b) The cost of information
The total cost of producing information (TCI) about the work environment was calculated as:
where TFC is the total fixed cost of the study, consisting of costs independent of the size of the study; 100 is the number of workers intended to participate in the study; CS is the total cost of using an interview to produce information on a worker’s psychosocial work environment; S is the number of psychosocial risk factors; is the average unit cost of producing information on a psychosocial risk factor; CW is the cost of using video-based observation to produce information on a worker’s ergonomic work conditions; W is the number of ergonomic hazards; is the average unit cost of producing information on an ergonomic hazard; CE is the cost of using direct technical measurements to produce information on a worker’s physical environment; E is the number of physical exposures; and is the average unit cost of producing information on a physical exposure.
Thus, S, W, and E stand for three groups of work environmental risk factors, information on which will be combined and transformed to the information output to be used for any decision on changing the work environment. To calculate the cost of producing this information, all the input costs were estimated: the user cost of capital (equipment and buildings), the cost of maintenance and technical support of equipment (repairs, servicing, and calibration), the cost of recruiting study participants, the cost of labour for recording and analysing exposure data, the cost of labour for developing a proposal to change the work environment and improve occupational health, the cost of software used, the cost of energy and material consumed during the production, the cost of educating and training investigators, and finally the cost of controlling the quality of the collected data and the study outcomes. The user cost of capital (UCC) was estimated as the sum of the annual cost of owning and using a capital asset, equal to economic depreciation plus forgone interest. UCC included rent paid for buildings (laboratory and office spaces). The cost of training included the costs of trainers as well as salaries paid to the supervisory trainees. The labour costs of collecting data about occupational exposures included lost working time for the participating workers.
The working life of the equipment used in the suggested study was assumed to be five years. The interest rate included a risk premium according to the capital asset pricing model (CAPM).
The inflation-adjusted user cost of capital was expressed as a rate of capital value:
where PP is the purchasing price (i. e. the value of capital estimated in the market) and r is calculated as depreciation rateinterest rate-inflation rate.
Generally, the cost of producing information on each dimension of work environment (Ci, where i = S, W, E) was measured by multiplying their expected input quantities and their respective unit prices as:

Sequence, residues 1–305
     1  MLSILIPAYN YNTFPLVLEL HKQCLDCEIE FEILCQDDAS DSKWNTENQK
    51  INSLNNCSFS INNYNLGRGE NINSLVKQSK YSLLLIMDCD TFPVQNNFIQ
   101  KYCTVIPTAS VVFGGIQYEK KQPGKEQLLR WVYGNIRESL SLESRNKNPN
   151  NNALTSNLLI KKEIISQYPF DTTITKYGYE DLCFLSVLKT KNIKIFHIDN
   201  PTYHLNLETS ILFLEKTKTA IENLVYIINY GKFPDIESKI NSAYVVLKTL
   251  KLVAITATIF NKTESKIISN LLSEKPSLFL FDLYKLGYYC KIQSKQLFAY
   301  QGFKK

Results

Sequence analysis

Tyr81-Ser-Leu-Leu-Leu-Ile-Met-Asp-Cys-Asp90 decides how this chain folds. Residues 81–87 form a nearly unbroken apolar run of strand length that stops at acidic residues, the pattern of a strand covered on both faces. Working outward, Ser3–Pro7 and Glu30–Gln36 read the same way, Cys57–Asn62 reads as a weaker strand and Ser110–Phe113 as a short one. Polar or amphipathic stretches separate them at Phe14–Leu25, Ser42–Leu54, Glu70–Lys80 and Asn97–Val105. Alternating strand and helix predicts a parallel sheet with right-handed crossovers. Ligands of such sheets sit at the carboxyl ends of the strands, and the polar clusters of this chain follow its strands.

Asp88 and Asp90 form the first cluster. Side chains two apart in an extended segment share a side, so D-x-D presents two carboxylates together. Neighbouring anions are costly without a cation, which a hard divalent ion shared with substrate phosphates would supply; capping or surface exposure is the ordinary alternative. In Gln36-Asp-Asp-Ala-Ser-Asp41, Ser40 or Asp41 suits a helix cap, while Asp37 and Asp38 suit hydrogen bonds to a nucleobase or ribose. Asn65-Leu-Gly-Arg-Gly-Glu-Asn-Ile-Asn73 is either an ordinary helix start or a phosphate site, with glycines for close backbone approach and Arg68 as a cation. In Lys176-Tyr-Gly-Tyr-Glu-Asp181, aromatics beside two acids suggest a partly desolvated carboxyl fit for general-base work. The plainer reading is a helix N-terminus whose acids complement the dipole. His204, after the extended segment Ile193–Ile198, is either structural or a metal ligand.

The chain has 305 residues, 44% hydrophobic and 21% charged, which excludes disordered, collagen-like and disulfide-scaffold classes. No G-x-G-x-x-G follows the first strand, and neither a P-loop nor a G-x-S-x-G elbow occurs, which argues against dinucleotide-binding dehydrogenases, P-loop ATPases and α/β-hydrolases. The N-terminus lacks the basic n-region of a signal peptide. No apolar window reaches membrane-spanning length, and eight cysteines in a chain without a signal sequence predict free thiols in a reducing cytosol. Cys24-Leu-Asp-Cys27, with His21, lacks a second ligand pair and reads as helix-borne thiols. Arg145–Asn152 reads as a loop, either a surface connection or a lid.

where K, L, E, and M stand for capital, labour, energy, and material inputs, and PK, PL, PE, and PM are the respective unit average prices of those inputs. Thus, the total cost associated with the work environmental study consisted of the user cost of physical capital () including equipment and buildings, the cost of labour () for collecting exposure data to produce useful information to supply to the decision-maker, and the costs of energy () and materials () consumed during the information production. The cost of energy was considered because of the inclusion of energy-using equipment in the study. The materials consumed during the study consisted of tape, batteries, electronic memory, and paper. All labour costs were estimated as a straightforward product of working hours and corresponding average wages per hour. The input prices were assumed to be as determined in the relevant markets during the study.
c) Economic efficiency and decision function
The value of the information output estimated by (3) was compared with the total cost of producing the output estimated by (4), for an economic evaluation of the suggested study. The suggested work environmental study should be accepted if its expected economic efficiency (ee) exceeds unity:
The predictive decision function shows the economic efficiency of the suggested work environmental study as a function of the social costs of work-related disorders (TSC), the unit costs of producing informational inputs (), and the probability of using the information produced (). It may also be a function of the effectiveness rate (e), but only if this factor’s ability to reduce the social costs has different effects on the cost and on the value of the information. The higher the social costs (and probability of using the information output), the greater the economic efficiency and the greater the probability of acceptance of the suggested study. Conversely, the higher the costs of producing informational inputs, the smaller the economic efficiency and the smaller the probability of acceptance of the study.
The following tables contain detailed information about the costs, value, and economic efficiency associated with the work environmental study suggested to SMT in October 2015. The costs and the value are in SEK, rounded to the nearest hundred. As of 15 October 2015, exchange rates from EUR and USD to SEK were 9.30 and 8.12, respectively.